It is fitting that the recipe I post the day after my birthday will be one for pickles; mustard garlic scape pickles, to be exact. Because every year for the past five, the days around my birthday have been a fest of pickling of industrial proportions around here: we usually stick to my famous spicy garlic dill pickles, but sometimes, even of more unique pickles like these ones.
Their bodies contorted and twisted within themselves, their heads reaching out to the sky, their colour as vibrant as the greenest jungle plants, garlic scapes look like alien parasites from another planet. And yet they are probably one of the most underrated and underappreciated plants to benefit from the foodie renaissance our culture has experienced in recent years.
The offshoot of the garlic plant, garlic scapes were usually chopped to allow the bulbs to develop, and relegated to the compost heap. But in recent years, chefs and foodies constantly on the lookout for new and exotic ingredients took inspiration from the Whole Hog movement, and began cooking even with these strange spoils… And in my opinion, mustard garlic scape pickles are the best of the lot.
Tangy and a bit sharp, alluring in their dark green colour, mustard garlic scape pickles taste faintly of spices and apple cider vinegar, of renewal and fall. They are gorgeous with sharp cheddar cheese, pate for the meat eaters among you, or when paired with some ground cherry jam and crackers – basically, anywhere you’d use French cornichons.
So if you’re an experienced pickler looking to try a new recipe, or a burgeoning foodie intrigued by this fabulous new ingredient, I encourage you to give these garlic scape pickles a try!
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Pickled garlic scapes with mustard
- 1½ cups/360 ml apple cider vinegar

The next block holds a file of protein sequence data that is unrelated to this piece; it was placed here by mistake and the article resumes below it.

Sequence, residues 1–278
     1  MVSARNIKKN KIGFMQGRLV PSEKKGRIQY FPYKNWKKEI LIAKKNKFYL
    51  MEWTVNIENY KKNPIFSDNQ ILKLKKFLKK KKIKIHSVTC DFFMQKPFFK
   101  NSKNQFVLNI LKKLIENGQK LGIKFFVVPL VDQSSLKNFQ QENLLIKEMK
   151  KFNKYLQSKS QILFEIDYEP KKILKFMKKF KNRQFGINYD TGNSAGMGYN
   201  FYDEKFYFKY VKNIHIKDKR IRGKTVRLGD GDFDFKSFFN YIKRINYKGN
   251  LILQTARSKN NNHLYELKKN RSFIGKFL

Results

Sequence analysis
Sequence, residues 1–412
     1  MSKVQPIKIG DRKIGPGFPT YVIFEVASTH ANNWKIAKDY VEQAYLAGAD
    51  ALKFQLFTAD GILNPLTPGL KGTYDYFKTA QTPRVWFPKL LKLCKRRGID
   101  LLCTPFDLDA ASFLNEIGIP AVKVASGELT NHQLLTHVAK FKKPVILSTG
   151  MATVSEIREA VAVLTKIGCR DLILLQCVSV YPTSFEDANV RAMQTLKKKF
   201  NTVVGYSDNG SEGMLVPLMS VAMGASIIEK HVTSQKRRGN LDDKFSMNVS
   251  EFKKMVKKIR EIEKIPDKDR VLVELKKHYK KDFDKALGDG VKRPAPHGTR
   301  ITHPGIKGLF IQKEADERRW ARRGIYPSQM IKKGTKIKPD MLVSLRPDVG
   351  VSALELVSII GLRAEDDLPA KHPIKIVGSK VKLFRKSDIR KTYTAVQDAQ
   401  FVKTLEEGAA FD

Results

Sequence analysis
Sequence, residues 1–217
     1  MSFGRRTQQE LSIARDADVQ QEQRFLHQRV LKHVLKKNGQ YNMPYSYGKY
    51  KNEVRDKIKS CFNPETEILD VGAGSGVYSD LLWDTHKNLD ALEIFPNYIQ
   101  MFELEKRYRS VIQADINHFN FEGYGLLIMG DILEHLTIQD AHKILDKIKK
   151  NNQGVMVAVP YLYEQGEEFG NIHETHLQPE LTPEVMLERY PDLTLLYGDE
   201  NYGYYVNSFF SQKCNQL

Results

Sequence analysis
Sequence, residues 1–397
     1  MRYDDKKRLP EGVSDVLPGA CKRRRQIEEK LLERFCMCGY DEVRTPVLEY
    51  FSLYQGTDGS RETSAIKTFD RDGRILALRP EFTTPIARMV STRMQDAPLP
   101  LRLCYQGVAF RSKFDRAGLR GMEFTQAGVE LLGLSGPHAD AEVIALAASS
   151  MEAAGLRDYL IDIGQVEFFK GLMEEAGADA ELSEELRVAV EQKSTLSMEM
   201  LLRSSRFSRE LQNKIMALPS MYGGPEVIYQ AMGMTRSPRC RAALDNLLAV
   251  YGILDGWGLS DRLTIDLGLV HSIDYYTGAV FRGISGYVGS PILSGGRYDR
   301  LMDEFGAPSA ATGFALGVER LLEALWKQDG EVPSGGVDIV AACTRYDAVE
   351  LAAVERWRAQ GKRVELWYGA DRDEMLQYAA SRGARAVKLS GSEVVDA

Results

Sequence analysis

- 2 tablespoons pickling salt
- 1½ pounds/680 g garlic scapes
- 2 tablespoons Mixed Pickling Spice page 118, divided
- ½ teaspoon red pepper flakes divided”
Prepare a boiling water bath and sterilize 2 wide-mouth 500ml jars. Add the lids in the last 5 minutes.
Combine the vinegar, 1½ cups water, and pickling salt in a pot. Bring the brine to a boil.
Trim the ends of the scapes, both the blossom end and the hard bit that formed at the original cut, and cut them into lengths that will fit in your jars - usually in half.
Add 1 tablespoon pickling spice and ¼ teaspoon red pepper flakes to each sterilized jar. Pack the trimmed scapes into the jars by stacking the curly parts of the garlic scapes along the jar walls and then pack the straighter ends upright inside. It ends up looking like a curly log cabin.
Slowly pour the hot brine over the garlic scapes in each jar, leaving ½ inch/12 mm headspace. Gently tap the jars on a towel-lined countertop to help loosen any bubbles, then use a knife to let all the air bubbles disappear. Check the headspace again and add more brine if necessary.
Wipe the rims, apply the lids and rings, and process in a hot water bath for 10 minutes.
Let these pickles cure for at least 1 week before eating.
Recipe from: Marisa McClellan. “Food in Jars.”